Asia report: Stocks mixed amid Delta concerns, Jay Lee out on parole

by | Aug 13, 2021

Asia-Pacific stocks were in a mixed state at the end of the last trading day of the week, with much attention on Korea as Jay Lee, head of the Samsung chaebol, was released from prison.
In Japan, the Nikkei 225 was down 0.14% at 27,977.15, as the yen strengthened 0.1% on the dollar to last trade at JPY 110.30.

Fashion firm Fast Retailing eked out gains of 0.05%, while among the benchmark’s other major components, automation specialist Fanuc was down 1.69% and technology conglomerate SoftBank Group was 0.11% weaker.

The broader Topix index was in the green, rising 0.15% to end the day at 1,956.39.

On the mainland, the Shanghai Composite was 0.24% weaker at 3,516.30, and the smaller, technology-heavy Shenzhen Composite lost 0.39% to 2,468.74.

South Korea’s Kospi slid 1.16% to 3,171.29, while the Hang Seng Index in Hong Kong was behind 0.48% at 26,391.62.

The blue-chip technology stocks were mixed in Seoul, with SK Hynix up 1%, while Samsung Electronics slid 3.38%.

Other members of the Samsung conglomerate were also in the red, with Samsung C&T down 0.74%, Samsung Life Insurance off 0.39%, and Samsung SDS 1.96% weaker.

Those moves came after Jay Lee, chairman of the Samsung group, was released from prison during the day, after the country’s Ministry of Justice confirmed earlier in the week that he was now eligible for parole.

The so-called ‘crown prince of Samsung’, real name Lee Jae-yong, was arrested in January 2017 on charges of bribery, embezzlement and perjury linked to disgraced and imprisoned former Korean president Park Geun-hye.

He was released from prison in February 2018 after a court suspended his five-year sentence, before being imprisoned again in January of this year after a retrial.

AJ Bell financial analyst Danni Hewson said the sell-off in most of Asia was linked to fears of the ‘Delta’ variant of Covid-19, but investors in Europe appeared to be shrugging that off.

“The closure of Chinese ports in an effort to control the spread of the more infectious Covid strain could add to global supply chain disruptions and become something the market cares about in fairly short order,” she noted.

Oil prices were lower as the region entered the weekend, with Brent crude last down 0.14% at $71.21 per barrel, and West Texas Intermediate losing 0.26% to $68.91. chief market analyst Neil Wilson noted that the International Energy Agency “sharply” downgraded its demand outlook for the rest of 2021 overnight, due to the worsening progress of the pandemic.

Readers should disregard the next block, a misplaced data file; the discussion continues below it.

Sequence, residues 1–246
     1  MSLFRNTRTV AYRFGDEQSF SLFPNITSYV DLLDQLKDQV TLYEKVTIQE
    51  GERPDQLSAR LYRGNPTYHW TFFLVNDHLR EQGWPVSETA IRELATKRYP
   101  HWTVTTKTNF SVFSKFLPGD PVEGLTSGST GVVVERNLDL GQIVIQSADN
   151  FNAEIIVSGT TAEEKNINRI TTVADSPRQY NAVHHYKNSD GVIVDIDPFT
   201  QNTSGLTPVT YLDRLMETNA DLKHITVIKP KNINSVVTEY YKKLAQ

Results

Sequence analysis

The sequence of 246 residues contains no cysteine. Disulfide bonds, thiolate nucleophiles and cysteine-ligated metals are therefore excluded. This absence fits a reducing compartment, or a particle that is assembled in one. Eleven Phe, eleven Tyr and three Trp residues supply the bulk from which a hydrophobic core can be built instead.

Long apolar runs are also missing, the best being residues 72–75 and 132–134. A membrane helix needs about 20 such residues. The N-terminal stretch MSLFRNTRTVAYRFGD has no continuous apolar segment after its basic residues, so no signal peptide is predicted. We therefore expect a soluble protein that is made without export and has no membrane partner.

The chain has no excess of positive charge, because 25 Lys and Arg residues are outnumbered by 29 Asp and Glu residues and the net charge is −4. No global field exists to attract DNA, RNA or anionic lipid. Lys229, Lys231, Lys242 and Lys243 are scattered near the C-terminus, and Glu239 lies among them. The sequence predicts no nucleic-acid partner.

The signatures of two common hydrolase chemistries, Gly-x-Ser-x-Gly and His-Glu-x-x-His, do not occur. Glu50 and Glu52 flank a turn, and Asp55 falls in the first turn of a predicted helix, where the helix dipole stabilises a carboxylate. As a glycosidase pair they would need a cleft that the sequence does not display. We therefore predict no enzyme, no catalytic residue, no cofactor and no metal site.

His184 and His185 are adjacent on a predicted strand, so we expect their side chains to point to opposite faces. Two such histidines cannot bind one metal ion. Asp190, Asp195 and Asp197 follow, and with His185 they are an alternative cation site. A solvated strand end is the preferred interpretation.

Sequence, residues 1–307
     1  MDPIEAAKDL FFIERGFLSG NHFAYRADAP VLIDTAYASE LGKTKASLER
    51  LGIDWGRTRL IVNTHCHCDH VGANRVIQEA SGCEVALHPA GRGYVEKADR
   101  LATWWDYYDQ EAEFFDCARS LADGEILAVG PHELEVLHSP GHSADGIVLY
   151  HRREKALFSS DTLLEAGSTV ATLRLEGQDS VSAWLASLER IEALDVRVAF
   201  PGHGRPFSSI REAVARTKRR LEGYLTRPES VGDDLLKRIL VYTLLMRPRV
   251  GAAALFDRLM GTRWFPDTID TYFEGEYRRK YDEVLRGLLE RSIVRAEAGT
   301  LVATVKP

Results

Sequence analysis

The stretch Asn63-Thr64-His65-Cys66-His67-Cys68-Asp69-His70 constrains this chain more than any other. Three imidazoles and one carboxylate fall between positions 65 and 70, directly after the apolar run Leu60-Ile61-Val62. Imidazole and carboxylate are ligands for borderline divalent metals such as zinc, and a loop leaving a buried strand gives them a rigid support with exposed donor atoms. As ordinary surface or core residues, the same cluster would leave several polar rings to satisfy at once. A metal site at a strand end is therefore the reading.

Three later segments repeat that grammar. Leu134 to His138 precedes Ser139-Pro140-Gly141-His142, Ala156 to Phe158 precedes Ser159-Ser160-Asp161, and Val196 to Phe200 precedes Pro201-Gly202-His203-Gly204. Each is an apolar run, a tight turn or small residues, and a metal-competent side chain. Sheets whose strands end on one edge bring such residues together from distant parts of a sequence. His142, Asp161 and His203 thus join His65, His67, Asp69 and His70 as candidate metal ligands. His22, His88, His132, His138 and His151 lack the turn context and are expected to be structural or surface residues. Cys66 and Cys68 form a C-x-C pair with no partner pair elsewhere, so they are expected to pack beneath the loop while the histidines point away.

“It warned that new restrictions in consuming countries, particularly in Asia, will reduce mobility and oil use,” he said.

“Nevertheless, it says the ongoing OPEC+ restraint will keep the market in balance for now, though a surplus may be seen in 2022 if members and other producers ramp up.”

In Australia, the S&P/ASX 200 was ahead 0.54% at 7,628.90, as the hefty financials subindex managed gains of 0.18%.

Commonwealth Bank of Australia was down 1.75% in Sydney, while among the rest of the ‘big four’ banks, Australia and New Zealand Banking Group was up 0.61%, National Australia Bank added 1.58%, and Westpac Banking Corporation was ahead 1.55%.

Investors in the sunburnt country were keeping a close eye on the country’s Covid-19 situation, as the Australia Capital Territory, containing the federal capital city Canberra, was placed in a week-long lockdown.

The ‘Delta’ variant has been gradually growing in Australia in recent weeks, initially stemming from an outbreak and politically controversial set of restrictions in Sydney and parts of New South Wales.

More than half of the population is now under some form of lockdown, and the country’s quarantine-free travel corridor with New Zealand remains suspended.

Across the Tasman Sea, New Zealand’s S&P/NZX 50 advanced 0.65% to 12,764.06 as investors got their ducks in a row ahead of earnings season in Wellington and the Reserve Bank’s next interest rate decision, both next week.

Travel-related stocks were in the green, with mostly state-owned flag carrier Air New Zealand up 1%, airport operator AIAL adding 0.76%, and booking technology company Serko ahead 2.2%.

On Thursday, the country’s Labour government laid out a tentative plan to reopen the country’s borders, beginning with a trial of home-based isolation and shorter mandatory quarantine for some travellers in October.

If successful, fully-vaccinated travellers from countries considered lower and medium risk would be able to enter New Zealand using a shorter quarantine or home-based isolation, or no isolation at all, from some time next year.

At present, the country has some of the strictest border restrictions in the world, with only New Zealand citizens and residents allowed to return, and all travellers being placed in government managed mandatory quarantine.

Controversy over the lack of quarantine availability, the use of ‘bots’ to snap up spaces, and the granting of exemptions to the closed border to sportspeople, entertainers and Google co-founder Larry Page has seen the system widely criticised recently.

The down under dollars were both marginally stronger on the greenback, with the Aussie last ahead 0.07% at AUD 1.3621, and the Kiwi advancing 0.08% to NZD 1.4270.

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